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STRANGERS From the Author

I was not fully sane when I wrote STRANGERS. Some psychologists would argue that a person is either sane or not, that there aren’t degrees of sanity. They would say that a person who otherwise acts sane but exhibits a few peculiar or even irrational actions might better be called an eccentric; certain Freudians might prefer the more serious medical term screwball, while Jungian psychologists might insist on twinkie. But while writing STRANGERS, I wasn’t merely an eccentric or a screwball, or a twinkie, or even a Sara Lee pound cake; I was in fact not fully sane.

Please understand: While not fully sane, neither was I insane. I never took an axe to my neighbor, although on numerous occasions he gave me good reason to dismember him, Cuisinart the pieces, and pour his remains into a Jell-O mold shaped like a jackass. I never bought a creepy old motel, never dressed up as my mother, and never stabbed unsuspecting guests while they showered–or while they brushed their teeth, for that matter. My writing had not at that time found an audience of considerable size; therefore, I didn’t possess the financial capital to acquire commercial real estate, creepy or otherwise. I never for a moment thought I was Napoleon–either the former French emperor or the delicious pastry. I never insisted to anyone that the world is flat, although I had my suspicions, and I never stuck a feather in my hat and called it macaroni.

In the matter of STRANGERS, the two proofs of my departure from a state of full and sunny sanity are these:

First, I wrote it on speculation. This means that I wrote it without having a contract, without any assurance that it would sell to a publisher.

All new writers begin this way, of course, but after selling a book or two, or five, they discover that publishers will trust them enough to give them contracts for novels based on sample chapters and/or outlines, and will pay a portion of the advance on signing of the contract, which gives writers living money while they create works of lasting genius or works to make their dear mothers weep in despair, or possibly both. Some writers budget this money wisely, to make it last through the writing of the book, while others blow it immediately on alcohol, drugs, trips to Las Vegas, cool hats, exotic snakes, recreational lobotomies, huge teddy bears, ice sculptures, attempts to ingratiate themselves with members of the performing Osmond family, on more alcohol, on antique spoons, contemporary spoons, spoons of the future, spoons from alternate realities, collectible celebrity spoons, forks, on still more alcohol, on women named Lola, on men named Fabio, on people of uncertain gender named Sassy, on reviving the dead, on murder-for-hire contracts to dispose of inconvenient loved ones, on alcohol, on costly short-term liver rentals, on gimcracks, geegaws, baubles, bangles, frippery, frillery, atomic-powered frillery…. Really, there is no end to the number of things on which irresponsible writers will squander their money; but whether the writer is penny-wise or a reckless spendthrift, if he has a signed contract and delivers a book at least somewhat resembling the one described in the contract, he knows during the writing that he will be paid yet more money and that his work will eventually appear in bookstores–and that the manuscript will not instead lie moldering in a drawer.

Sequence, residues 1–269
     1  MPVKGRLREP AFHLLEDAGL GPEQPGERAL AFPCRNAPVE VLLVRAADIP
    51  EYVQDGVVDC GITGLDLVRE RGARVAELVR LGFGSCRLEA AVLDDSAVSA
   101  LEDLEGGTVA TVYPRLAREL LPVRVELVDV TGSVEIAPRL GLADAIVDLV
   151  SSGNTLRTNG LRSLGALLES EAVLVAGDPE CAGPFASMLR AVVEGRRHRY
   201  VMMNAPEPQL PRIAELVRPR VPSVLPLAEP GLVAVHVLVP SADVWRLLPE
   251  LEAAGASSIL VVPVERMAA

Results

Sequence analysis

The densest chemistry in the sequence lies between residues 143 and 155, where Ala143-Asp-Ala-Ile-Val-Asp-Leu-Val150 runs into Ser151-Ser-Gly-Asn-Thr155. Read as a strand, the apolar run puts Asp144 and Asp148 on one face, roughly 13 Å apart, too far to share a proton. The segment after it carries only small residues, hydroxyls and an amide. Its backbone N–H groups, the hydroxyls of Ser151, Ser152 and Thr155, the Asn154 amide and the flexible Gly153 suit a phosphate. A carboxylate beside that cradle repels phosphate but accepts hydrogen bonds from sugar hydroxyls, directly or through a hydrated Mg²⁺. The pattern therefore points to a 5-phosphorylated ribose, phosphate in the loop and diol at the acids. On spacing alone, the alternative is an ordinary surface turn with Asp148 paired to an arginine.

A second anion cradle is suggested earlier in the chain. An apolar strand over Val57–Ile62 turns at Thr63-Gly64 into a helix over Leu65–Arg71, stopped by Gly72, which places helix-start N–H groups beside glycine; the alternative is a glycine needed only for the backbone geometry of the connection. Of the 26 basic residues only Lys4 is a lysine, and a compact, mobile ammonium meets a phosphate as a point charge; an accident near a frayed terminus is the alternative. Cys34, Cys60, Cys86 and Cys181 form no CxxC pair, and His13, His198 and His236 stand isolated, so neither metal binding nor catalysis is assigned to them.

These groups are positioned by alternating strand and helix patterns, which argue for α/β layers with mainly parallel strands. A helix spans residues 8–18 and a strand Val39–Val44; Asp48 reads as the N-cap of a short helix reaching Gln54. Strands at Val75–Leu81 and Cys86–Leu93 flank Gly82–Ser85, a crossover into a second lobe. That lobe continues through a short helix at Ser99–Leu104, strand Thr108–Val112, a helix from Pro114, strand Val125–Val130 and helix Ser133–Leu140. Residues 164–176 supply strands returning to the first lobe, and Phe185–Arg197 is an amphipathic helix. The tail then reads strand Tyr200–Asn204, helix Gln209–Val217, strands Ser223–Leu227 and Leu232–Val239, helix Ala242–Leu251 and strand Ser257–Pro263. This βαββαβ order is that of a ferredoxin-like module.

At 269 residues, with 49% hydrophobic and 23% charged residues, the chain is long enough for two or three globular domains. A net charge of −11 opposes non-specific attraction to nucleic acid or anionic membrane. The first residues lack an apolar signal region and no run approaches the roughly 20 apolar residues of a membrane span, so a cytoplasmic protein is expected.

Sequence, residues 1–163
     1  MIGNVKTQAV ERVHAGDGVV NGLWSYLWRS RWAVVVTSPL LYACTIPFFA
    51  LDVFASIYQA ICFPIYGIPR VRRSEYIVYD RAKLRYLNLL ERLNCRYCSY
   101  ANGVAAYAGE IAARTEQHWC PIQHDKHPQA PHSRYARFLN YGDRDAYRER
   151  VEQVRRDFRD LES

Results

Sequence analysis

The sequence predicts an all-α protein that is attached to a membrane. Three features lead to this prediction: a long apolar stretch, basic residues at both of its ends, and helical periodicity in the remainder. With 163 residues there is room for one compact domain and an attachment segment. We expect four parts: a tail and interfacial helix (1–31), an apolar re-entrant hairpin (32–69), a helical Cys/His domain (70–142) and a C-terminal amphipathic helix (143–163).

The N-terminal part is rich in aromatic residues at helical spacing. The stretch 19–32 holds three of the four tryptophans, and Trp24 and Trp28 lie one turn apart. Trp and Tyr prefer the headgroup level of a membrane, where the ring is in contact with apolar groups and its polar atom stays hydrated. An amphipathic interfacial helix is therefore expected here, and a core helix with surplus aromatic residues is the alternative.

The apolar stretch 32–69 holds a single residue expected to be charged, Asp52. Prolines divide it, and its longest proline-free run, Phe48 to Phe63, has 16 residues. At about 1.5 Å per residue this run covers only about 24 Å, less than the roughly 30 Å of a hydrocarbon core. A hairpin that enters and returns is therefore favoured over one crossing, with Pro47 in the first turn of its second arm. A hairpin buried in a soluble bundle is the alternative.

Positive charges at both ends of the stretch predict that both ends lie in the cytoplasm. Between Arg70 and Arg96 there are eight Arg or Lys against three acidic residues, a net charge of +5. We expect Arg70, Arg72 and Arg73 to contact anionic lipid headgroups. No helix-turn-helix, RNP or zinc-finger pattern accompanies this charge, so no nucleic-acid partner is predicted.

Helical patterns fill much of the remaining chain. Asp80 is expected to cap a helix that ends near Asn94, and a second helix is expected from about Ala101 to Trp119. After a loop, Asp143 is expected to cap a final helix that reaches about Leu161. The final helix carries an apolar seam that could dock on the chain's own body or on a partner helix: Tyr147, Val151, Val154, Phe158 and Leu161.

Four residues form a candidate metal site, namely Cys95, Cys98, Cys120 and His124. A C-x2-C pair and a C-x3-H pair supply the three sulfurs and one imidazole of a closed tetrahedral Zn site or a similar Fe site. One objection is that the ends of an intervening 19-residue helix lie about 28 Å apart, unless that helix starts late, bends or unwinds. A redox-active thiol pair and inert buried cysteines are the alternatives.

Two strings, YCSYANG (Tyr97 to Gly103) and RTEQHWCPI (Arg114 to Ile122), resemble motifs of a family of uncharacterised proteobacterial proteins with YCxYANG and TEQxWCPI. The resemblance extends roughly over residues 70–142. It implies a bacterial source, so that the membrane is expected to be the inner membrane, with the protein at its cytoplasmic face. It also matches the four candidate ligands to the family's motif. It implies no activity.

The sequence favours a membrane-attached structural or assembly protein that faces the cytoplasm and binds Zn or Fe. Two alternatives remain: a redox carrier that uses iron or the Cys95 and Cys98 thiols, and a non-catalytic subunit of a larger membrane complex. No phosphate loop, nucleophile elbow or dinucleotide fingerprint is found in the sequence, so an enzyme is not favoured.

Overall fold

Prior to writing STRANGERS, I had written many novels that had been contracted in advance, and some had been paperback bestsellers, which was gratifying; however, my publisher and my agent were largely of the opinion that my books didn’t have quite the right stuff to be hardcover bestsellers. Though no one could explain to me what “right stuff” was missing, this preconception ensured that my books had small hardcover printings (my largest first printing at that time: 7,000 copies of Whispers) and no advertising support. Frustrated to the point that I was gnawing on my office furniture, depressed by the resulting shabbiness of my work space, racking up dental bills, afraid of developing a serious addiction to either varnish or nylon twill upholstery, I decided that selling books based on samples and outlines was a grave mistake.

After drawing a contract, the publisher and editor had a year or eighteen months to think about the outline, to build expectations of what sort of book it would be, to create this glorious gleaming image of the book in their heads. Consequently, when the script was at last delivered, and when it was inevitably different from their idea of what the book was going to be, their enthusiasm sagged. The novel might not be inadequate in any way, might even be immeasurably better than the con-job story that had been tricked up in an outline to cage a contract, might be written with passion and narrative energy, but the very fact that it didn’t match expectations was a mark against it; its lovely difference doomed it.

Not in a state of full sanity, I planned to write a novel on spec even though a contract was offered. I dreamed of writing a book that would be big in narrative scope and theme, that would be stuffed with interesting characters, that would rivet the reader with twists and turns and mystery and wonder, that would be THE BEST DAMN BOOK EVER WRITTEN. Yes, of course, that is an absurd goal, overweening ambition of the most deplorably weening sort, especially as The Little Train Who Could had already been published and had established a literary pinnacle that no mortal writer will ever achieve again. Nevertheless, writing is so hard–even if at times filled with joy–that it doesn’t make much sense to set out to write a mediocre book or even a reasonably good book. Besides, each time you set out to write the best damn book ever written, and each time that you inevitably fail to write it, you automatically motivate yourself to do better the next time, to get closer to the grail. Anyway, my intention was to deliver a story that would so surprise and delight a publisher that guarantees of a bestseller-size hardcover printing and an equivalent advertising budget would be obtainable in the contract.